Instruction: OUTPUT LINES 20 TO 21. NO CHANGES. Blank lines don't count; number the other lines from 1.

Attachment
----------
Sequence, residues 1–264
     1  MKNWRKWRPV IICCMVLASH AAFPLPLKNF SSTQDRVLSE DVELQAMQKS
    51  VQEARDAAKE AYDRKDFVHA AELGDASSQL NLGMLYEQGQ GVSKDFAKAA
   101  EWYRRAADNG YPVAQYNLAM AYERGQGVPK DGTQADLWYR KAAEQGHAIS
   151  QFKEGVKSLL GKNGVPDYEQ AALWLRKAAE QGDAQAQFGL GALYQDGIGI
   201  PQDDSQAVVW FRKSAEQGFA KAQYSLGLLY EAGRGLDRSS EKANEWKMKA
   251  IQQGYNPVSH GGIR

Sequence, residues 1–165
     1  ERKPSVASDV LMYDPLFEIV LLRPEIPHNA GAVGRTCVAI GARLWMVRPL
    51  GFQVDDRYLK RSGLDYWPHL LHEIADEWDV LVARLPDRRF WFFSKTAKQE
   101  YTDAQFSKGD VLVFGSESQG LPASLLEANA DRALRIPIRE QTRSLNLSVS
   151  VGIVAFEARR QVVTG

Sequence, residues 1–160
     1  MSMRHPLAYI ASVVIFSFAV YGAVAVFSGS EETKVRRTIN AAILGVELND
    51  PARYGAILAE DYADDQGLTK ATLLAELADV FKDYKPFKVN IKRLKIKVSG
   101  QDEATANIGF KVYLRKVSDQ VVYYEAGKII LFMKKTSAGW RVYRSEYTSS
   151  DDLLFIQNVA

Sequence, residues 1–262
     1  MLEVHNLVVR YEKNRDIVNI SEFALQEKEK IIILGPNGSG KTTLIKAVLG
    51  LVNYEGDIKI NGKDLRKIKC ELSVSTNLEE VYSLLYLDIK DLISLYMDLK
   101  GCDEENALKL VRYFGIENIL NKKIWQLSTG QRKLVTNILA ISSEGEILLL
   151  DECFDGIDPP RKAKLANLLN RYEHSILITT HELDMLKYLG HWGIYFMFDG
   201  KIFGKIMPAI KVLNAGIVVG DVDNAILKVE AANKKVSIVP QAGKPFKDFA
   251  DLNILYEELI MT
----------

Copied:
    51  LVNYEGDIKI NGKDLRKIKC ELSVSTNLEE VYSLLYLDIK DLISLYMDLK
   101  GCDEENALKL VRYFGIENIL NKKIWQLSTG QRKLVTNILA ISSEGEILLL